Volume 12 Supplement 1
Laminar population analysis of multielectrode recordings from rat primary auditory cortex
© Norheim et al; licensee BioMed Central Ltd. 2011
Published: 18 July 2011
The technology for large-scale electrical recordings is rapidly improving, and extracellular recordings with multielectrode arrays now offer a unique window into neural activity at the population level. The high-frequency part of the recorded signal (MUA; multi-unit activity) is a measure of action-potential firing of neurons in the immediate vicinity of the electrode contacts, while the low-frequency part (LFP; local-field potential) appears to mainly be a measure of subthreshold dendritic activity of surrounding neurons [1, 2]. The interpretation of MUA and LFP signals in terms of neural circuit activity is not straightforward, however, and new analysis methods are needed to take full advantage of the technological developments.
Laminar population analysis (LPA)  was introduced a few years ago as a new method for extracting information about population activity. Based on physiologically-constrained joint modeling of the MUA and LFP signals, both the (i) laminar organization and time-resolved firing rates of the main cortical populations, and (ii) the functional synaptic connection patterns between these populations, were estimated. Later, the population firing-rates extracted by means of LPA were used to specify mathematical neural-network models describing thalamocortical and intracortical connections between neural populations in the rat somatosensory (barrel) system .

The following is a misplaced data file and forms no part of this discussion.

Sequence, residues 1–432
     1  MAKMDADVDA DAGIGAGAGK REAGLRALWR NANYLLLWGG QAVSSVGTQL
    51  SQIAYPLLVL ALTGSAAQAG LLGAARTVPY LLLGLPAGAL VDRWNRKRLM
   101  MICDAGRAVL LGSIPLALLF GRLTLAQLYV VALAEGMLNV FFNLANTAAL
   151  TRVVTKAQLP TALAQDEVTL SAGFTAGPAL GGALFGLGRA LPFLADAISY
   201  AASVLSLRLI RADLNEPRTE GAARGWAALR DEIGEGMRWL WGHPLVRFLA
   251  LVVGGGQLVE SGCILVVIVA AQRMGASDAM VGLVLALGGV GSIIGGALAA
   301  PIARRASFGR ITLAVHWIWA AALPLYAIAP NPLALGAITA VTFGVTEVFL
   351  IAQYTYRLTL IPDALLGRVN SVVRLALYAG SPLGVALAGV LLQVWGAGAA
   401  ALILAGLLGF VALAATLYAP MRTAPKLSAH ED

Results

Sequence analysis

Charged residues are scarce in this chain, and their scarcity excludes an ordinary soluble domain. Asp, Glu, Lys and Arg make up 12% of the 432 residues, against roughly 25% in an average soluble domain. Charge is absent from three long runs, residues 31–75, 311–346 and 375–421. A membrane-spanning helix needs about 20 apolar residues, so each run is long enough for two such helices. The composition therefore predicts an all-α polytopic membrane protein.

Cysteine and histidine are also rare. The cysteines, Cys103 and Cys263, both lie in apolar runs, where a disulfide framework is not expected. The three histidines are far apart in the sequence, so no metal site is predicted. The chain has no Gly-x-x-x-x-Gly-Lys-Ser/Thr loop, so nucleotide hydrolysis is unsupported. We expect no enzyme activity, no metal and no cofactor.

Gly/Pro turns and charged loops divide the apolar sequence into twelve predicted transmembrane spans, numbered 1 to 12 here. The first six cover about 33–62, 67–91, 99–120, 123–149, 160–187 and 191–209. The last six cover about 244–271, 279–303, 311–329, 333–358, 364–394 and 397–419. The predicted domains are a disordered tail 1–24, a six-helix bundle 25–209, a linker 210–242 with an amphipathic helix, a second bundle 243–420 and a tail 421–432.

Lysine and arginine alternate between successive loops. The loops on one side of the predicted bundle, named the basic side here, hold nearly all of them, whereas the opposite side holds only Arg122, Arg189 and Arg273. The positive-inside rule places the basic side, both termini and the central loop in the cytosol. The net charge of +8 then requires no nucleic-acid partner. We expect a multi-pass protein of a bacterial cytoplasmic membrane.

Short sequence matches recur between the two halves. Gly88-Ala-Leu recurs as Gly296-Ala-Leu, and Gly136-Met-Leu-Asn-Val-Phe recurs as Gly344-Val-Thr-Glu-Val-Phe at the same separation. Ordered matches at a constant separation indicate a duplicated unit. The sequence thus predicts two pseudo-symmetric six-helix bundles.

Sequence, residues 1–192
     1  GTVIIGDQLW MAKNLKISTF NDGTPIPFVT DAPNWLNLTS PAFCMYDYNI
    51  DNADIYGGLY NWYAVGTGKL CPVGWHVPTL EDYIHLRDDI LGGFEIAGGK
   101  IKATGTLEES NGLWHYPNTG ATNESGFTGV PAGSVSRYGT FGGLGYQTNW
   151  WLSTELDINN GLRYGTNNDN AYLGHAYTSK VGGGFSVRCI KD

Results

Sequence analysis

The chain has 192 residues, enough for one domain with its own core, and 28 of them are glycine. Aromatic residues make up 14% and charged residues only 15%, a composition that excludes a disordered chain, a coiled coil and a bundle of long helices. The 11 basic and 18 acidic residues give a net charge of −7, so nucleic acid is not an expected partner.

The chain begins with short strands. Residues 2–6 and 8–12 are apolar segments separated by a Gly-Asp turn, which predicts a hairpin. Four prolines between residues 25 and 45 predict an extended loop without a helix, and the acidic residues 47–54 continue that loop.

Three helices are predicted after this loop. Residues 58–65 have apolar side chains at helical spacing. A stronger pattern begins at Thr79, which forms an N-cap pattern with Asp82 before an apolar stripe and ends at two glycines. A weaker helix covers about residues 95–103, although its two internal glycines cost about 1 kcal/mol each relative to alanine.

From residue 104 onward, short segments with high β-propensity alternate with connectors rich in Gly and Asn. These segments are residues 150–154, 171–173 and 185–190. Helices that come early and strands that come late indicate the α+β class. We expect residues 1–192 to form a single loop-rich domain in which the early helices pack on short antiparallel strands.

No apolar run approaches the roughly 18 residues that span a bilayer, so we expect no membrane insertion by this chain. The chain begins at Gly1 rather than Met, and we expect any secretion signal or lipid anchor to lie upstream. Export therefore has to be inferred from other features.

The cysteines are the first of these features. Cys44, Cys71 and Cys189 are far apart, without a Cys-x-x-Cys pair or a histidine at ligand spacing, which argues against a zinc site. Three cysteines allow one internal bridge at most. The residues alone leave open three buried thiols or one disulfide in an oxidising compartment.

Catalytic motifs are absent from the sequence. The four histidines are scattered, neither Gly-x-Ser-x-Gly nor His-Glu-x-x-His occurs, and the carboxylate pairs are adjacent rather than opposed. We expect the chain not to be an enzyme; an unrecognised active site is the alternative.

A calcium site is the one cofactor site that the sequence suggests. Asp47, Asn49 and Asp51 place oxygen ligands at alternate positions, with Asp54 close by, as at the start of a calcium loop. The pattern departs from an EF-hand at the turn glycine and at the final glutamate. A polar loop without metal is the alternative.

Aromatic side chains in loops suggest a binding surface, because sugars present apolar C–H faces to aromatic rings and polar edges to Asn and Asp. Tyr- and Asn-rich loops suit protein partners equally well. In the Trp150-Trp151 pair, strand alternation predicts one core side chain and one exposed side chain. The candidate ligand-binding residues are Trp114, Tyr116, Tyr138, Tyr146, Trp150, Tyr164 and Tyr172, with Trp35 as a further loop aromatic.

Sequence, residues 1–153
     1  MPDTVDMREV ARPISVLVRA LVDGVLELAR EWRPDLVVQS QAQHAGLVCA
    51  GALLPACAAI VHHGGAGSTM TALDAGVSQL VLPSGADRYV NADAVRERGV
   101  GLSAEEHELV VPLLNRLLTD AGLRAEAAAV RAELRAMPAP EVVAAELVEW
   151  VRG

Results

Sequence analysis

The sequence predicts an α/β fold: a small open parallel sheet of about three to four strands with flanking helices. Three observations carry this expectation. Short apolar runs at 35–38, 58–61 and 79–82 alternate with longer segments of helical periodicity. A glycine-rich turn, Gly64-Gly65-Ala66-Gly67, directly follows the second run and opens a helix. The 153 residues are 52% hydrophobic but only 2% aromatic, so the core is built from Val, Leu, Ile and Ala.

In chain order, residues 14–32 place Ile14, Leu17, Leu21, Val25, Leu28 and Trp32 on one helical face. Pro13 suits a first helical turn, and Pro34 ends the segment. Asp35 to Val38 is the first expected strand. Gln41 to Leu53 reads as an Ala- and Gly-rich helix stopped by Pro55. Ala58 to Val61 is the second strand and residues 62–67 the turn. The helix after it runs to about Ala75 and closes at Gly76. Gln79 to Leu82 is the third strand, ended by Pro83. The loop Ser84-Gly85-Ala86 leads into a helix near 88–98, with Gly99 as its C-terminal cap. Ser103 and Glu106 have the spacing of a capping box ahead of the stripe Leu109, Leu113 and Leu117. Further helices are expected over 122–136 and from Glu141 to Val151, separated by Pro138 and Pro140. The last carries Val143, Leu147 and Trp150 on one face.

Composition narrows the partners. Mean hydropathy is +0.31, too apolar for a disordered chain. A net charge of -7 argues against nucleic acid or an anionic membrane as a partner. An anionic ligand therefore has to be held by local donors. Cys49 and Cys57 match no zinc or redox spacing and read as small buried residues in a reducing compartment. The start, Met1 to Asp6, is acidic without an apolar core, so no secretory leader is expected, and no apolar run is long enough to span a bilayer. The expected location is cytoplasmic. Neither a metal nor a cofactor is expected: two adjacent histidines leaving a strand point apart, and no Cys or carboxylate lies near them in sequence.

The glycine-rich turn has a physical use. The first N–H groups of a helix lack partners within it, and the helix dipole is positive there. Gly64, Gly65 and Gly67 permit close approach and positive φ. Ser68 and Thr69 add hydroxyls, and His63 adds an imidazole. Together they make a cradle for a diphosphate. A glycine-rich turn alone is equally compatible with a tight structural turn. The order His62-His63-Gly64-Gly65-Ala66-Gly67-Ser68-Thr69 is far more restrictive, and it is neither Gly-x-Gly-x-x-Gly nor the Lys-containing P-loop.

In Ref.  LPA was used to analyze stimulus-averaged laminar (linear) electrode data from the rat barrel system, and the predicted time-resolved population firing rates and synaptic connection patterns were found to be in qualitative agreement with previous experimental findings. Here we apply LPA to recently recorded laminar-electrode data from the primary auditory cortex of rats . In this study the rats were exposed to a large variety of different auditory stimuli to investigate the phenomenon known as ‘stimulus-specific adaptation’, i.e., that neurons respond stronger to unexpected stimuli. Such rich data sets where the cortical neural circuits of interest potentially exhibit a large variety of activation patterns, are particularly well suited for analysis by means of LPA. Results from LPA analysis will be presented, highlighting the differences and similarities seen between the sensory-evoked cortical response patterns in primary auditory and somatosensory cortices of rats.
This work is supported by the Research Council of Norway (eVita [eNEURO], NOTUR), the UK Engineering and Physical Sciences Research Council grant EP/C010841/1, the European Union FP6 ‘Noveltune’ grant (LSH-CT-2006-037378) and the BMI project of the Italian Institute of Technology.
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